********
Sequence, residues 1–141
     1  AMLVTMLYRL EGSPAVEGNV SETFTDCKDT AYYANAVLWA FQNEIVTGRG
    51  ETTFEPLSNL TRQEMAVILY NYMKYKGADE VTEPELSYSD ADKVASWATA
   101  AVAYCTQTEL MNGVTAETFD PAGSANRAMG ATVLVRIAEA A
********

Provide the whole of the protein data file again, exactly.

Sequence, residues 1–141
     1  AMLVTMLYRL EGSPAVEGNV SETFTDCKDT AYYANAVLWA FQNEIVTGRG
    51  ETTFEPLSNL TRQEMAVILY NYMKYKGADE VTEPELSYSD ADKVASWATA
   101  AVAYCTQTEL MNGVTAETFD PAGSANRAMG ATVLVRIAEA A